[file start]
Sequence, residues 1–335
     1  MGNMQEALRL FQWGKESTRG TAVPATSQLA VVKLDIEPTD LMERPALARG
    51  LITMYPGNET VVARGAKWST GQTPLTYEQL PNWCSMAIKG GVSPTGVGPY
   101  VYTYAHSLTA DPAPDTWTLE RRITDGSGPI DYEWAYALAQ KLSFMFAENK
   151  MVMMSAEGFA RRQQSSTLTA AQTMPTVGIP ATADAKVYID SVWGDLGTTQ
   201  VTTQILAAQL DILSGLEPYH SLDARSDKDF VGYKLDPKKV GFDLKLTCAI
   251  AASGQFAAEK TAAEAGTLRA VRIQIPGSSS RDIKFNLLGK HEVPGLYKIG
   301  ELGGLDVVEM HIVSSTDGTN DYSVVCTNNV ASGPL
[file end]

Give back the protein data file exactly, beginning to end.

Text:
Sequence, residues 1–335
     1  MGNMQEALRL FQWGKESTRG TAVPATSQLA VVKLDIEPTD LMERPALARG
    51  LITMYPGNET VVARGAKWST GQTPLTYEQL PNWCSMAIKG GVSPTGVGPY
   101  VYTYAHSLTA DPAPDTWTLE RRITDGSGPI DYEWAYALAQ KLSFMFAENK
   151  MVMMSAEGFA RRQQSSTLTA AQTMPTVGIP ATADAKVYID SVWGDLGTTQ
   201  VTTQILAAQL DILSGLEPYH SLDARSDKDF VGYKLDPKKV GFDLKLTCAI
   251  AASGQFAAEK TAAEAGTLRA VRIQIPGSSS RDIKFNLLGK HEVPGLYKIG
   301  ELGGLDVVEM HIVSSTDGTN DYSVVCTNNV ASGPL